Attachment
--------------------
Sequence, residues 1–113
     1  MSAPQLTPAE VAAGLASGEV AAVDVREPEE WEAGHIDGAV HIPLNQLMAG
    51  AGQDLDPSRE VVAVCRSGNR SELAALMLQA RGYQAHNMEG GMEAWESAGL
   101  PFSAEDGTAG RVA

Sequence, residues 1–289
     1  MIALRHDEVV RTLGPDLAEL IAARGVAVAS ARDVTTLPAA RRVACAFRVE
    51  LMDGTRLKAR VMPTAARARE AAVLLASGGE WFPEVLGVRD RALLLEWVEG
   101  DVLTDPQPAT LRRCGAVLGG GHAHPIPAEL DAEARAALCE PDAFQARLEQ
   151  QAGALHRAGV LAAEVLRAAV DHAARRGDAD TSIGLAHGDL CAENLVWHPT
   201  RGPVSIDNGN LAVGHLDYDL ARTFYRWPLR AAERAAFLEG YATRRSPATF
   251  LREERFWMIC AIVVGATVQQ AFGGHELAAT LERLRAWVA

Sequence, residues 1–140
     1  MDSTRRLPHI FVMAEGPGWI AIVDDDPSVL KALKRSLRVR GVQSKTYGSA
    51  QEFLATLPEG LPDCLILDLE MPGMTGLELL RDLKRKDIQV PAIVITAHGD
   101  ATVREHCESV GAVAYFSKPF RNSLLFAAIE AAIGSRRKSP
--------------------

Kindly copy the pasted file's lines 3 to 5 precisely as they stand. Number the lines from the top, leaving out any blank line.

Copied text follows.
    51  AGQDLDPSRE VVAVCRSGNR SELAALMLQA RGYQAHNMEG GMEAWESAGL
   101  PFSAEDGTAG RVA

Sequence, residues 1–289